101. what are examples of marginal deficiencies?
    • ex: vit c can cause scurvy (poor wound heal); marginal defiencies may be that there is delayed healing, but not scurvy
    • ex: depend on how far along deficiency is(if reversible of not)
    • ex: if vit goes too long then get permenant blindness
  102. what is principle 6 what is malnutrition?
    poor intake result from excees or lack of kcal/nutrients
  103. what is principle 7?
    some groups are higher risk for malnourishment
  104. what is principle 8?
    • poor nutrition can effct development of certain dz
    • diet high in fats: heart dz
    • diet low in fruit/veg: heart dz, cancers
    • poor nutrition can lead to: htn, stroke, t 2 dm, obese
  105. what is principle 9?
    • adequacy, variety, and bal;ance are key charact of healthy diet
    • healthy diets have different foods
    • varitey is good: eat from all food groups!
  106. what is nutrient density and example foods?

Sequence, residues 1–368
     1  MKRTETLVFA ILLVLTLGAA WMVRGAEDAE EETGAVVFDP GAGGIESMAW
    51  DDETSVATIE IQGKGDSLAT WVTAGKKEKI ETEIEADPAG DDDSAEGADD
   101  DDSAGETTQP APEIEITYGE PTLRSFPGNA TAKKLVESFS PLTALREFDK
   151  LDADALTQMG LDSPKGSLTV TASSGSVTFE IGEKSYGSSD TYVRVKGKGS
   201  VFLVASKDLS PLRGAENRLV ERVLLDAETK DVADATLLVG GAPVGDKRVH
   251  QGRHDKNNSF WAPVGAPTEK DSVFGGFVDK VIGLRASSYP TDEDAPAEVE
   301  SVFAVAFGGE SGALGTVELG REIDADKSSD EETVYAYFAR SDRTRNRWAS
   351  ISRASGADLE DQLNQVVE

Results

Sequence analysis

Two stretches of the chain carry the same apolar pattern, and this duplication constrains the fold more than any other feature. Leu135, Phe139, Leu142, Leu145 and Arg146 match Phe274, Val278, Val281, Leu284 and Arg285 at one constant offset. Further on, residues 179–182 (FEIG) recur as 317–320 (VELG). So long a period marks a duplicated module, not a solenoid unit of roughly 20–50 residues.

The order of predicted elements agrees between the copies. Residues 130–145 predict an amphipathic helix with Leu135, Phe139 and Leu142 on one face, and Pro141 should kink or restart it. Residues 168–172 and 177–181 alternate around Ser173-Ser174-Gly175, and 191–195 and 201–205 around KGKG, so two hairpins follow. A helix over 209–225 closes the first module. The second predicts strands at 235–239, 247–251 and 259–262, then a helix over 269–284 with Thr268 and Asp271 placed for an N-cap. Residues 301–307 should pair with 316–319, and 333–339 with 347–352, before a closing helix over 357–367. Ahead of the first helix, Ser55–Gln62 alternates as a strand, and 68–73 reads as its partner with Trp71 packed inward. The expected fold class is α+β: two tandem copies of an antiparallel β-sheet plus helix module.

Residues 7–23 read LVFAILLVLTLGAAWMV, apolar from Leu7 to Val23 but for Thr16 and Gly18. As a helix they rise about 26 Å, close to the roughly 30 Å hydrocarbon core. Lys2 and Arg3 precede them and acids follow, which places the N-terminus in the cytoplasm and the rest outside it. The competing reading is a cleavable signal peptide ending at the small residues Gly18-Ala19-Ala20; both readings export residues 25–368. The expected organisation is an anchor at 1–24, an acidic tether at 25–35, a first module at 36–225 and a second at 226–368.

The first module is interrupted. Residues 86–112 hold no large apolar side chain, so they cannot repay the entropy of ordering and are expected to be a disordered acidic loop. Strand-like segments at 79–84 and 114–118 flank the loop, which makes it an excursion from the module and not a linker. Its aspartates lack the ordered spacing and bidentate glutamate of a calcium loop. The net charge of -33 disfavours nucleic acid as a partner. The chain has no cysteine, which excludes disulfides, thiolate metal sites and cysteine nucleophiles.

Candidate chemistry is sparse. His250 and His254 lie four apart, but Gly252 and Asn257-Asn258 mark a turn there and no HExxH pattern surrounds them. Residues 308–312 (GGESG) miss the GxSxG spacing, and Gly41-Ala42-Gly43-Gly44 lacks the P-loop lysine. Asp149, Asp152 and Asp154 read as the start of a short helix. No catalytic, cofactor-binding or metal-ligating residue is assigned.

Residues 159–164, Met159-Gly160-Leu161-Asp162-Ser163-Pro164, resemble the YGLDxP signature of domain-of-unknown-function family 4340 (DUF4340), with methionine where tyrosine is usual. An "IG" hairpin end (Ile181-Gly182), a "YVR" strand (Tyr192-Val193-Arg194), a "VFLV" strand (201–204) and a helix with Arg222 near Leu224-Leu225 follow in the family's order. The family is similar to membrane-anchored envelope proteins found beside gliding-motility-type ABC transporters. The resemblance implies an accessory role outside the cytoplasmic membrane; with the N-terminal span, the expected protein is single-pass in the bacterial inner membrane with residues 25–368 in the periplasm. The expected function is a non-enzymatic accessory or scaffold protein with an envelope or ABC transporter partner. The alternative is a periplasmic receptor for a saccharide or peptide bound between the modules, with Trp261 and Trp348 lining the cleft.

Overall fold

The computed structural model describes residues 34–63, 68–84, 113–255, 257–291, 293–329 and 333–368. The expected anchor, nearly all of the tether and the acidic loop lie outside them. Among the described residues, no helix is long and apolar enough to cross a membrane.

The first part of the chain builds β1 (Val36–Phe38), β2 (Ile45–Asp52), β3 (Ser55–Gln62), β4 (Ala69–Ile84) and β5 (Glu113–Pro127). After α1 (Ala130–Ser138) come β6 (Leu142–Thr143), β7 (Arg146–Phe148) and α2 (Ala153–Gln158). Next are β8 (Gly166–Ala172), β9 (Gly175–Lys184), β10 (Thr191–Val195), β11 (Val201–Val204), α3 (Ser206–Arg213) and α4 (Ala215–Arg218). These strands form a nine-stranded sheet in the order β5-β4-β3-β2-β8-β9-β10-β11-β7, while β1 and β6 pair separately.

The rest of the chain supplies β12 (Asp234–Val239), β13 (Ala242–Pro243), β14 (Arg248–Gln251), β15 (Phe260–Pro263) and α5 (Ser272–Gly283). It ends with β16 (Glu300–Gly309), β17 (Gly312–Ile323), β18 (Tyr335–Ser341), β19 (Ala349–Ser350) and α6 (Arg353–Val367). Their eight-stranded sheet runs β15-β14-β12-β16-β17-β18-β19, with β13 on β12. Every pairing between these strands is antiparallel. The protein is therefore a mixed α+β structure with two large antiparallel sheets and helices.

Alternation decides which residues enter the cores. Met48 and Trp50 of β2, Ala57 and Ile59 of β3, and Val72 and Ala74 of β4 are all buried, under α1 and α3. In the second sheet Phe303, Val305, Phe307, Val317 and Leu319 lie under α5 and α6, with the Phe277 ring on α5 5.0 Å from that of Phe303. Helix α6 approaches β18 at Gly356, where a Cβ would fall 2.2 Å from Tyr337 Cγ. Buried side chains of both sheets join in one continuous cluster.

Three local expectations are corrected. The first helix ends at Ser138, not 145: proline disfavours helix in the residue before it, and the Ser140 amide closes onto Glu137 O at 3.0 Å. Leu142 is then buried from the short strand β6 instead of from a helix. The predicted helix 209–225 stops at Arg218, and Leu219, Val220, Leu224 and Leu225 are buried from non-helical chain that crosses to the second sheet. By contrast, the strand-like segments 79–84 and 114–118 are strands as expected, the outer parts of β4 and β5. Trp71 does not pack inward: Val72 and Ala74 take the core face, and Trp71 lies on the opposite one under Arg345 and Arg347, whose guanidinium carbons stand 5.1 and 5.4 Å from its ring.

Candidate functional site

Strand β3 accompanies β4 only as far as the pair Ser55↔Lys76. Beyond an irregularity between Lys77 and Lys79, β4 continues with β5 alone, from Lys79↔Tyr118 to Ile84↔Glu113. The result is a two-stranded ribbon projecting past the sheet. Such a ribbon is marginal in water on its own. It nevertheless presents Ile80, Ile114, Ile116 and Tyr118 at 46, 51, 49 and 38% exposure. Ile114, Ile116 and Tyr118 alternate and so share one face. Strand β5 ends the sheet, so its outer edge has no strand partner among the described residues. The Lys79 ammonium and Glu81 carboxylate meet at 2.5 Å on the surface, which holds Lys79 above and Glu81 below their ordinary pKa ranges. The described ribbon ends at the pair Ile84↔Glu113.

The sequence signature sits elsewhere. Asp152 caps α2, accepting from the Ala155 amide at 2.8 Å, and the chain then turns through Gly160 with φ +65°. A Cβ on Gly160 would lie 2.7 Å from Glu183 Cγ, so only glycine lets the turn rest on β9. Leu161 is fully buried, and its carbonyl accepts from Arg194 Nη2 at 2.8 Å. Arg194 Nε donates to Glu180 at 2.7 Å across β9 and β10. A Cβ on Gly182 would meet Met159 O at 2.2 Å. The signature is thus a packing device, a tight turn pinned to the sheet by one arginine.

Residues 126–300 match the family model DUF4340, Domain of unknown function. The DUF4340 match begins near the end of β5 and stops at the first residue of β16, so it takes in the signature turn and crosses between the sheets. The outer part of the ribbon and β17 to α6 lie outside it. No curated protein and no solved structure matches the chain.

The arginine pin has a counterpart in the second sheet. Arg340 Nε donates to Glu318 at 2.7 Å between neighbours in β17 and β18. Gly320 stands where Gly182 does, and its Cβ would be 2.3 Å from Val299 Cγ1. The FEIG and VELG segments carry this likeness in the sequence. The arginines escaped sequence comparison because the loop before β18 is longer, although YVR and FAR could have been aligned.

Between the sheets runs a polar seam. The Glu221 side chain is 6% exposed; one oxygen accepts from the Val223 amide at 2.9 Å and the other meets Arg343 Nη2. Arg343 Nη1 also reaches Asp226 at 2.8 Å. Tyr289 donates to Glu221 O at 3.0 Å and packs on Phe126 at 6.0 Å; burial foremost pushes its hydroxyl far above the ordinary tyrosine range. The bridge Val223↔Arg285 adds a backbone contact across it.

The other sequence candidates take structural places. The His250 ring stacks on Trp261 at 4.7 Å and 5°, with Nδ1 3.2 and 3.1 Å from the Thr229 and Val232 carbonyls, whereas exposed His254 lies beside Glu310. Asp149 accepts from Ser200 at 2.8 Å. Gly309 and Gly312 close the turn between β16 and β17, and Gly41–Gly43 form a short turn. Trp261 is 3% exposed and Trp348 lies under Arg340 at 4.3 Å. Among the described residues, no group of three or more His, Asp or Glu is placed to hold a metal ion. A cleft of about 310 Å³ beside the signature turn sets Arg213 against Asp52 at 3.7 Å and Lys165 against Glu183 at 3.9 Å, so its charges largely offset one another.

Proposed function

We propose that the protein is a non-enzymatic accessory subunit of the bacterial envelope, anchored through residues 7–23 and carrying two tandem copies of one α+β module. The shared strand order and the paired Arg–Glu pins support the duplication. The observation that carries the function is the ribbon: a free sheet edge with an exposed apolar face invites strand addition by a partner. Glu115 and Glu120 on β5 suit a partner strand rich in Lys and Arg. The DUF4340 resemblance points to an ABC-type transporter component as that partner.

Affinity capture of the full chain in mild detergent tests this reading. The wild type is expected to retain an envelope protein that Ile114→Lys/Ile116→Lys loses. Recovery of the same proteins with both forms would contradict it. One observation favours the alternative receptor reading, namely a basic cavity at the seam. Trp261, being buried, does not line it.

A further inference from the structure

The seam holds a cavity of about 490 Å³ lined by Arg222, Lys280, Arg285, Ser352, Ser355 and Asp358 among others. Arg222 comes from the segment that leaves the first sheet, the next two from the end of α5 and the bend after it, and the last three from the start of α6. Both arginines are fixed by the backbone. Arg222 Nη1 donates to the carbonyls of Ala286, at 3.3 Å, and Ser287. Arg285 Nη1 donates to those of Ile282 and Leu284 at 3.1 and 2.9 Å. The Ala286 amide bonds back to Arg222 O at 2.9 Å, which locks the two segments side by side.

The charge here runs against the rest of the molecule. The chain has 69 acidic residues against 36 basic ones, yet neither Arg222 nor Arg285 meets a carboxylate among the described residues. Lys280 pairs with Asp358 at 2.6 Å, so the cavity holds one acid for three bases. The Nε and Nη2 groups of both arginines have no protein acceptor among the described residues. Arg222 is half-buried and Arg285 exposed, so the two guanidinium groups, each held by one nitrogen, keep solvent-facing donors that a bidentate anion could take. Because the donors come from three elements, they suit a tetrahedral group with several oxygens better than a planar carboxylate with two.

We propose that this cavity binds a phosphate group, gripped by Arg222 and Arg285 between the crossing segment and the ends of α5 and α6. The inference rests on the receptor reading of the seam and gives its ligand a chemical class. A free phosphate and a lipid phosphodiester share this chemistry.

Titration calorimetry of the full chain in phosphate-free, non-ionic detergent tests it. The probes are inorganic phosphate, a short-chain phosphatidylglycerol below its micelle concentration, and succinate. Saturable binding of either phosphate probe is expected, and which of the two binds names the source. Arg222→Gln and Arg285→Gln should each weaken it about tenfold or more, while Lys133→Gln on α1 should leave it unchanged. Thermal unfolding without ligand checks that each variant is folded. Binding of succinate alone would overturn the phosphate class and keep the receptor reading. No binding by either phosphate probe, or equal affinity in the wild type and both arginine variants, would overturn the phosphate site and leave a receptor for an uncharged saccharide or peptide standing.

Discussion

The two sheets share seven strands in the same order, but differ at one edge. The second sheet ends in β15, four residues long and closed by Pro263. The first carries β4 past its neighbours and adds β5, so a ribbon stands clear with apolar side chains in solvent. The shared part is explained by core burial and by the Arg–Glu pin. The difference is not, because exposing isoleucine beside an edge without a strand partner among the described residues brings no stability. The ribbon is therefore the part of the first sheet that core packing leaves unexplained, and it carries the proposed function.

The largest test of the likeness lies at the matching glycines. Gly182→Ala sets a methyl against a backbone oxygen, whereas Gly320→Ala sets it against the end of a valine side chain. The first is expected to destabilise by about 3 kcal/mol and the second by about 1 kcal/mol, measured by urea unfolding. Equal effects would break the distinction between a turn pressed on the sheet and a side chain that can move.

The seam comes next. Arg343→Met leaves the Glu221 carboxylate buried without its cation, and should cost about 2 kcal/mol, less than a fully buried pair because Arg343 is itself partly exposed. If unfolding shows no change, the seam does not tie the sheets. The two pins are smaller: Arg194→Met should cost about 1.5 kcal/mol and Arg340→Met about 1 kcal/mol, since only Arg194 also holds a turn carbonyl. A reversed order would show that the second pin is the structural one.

• amount of nutrients per kcal (mg/kcal): for vit, min, pro
    • ex: white meat, whole wheat, brn rice, whole veg/fruit, lw fat dairy
  107. what is empty kcal and examples of foods, and why arent they good?
    • foods that supply kcal, but very little nutrients
    • ex: table sug, soda, alcohol, honey, fats (not oils), brwn sug
    • they are nutrient theives!! steal nutrients ti process kcals
  108. what are foods low in nutrient density?
    • chips, french fires, desserts, top ramen, pizza, etc
    • can lead to bad effects(mental/physical) and high chance dz
  109. what is principle 10?
    • there are no good or bad fats- true!
    • discretionary kcals(measure moderation)= 267 kcals/day
  110. what do americans have no clue about?
    • 1. no good/bad fats
    • 2. healthy diet is portion sizes (healthy eating index)
    • 3. help educate clients on what portions are and moderation
  111. what is enrichment and some foods?
    • replace thiamin, niacin, riboflvain, fe that are lost when grains are refined.
    • enrich foods to replace lost nutrients
    • white rice and bread loose more nutrients
  112. what is fortification and a common one?
    • addition of vitamins + minerals to food
    • adding vit d to milk
Card Set
CFS 453~ Exam 1~ Chp. 1
Chapter 1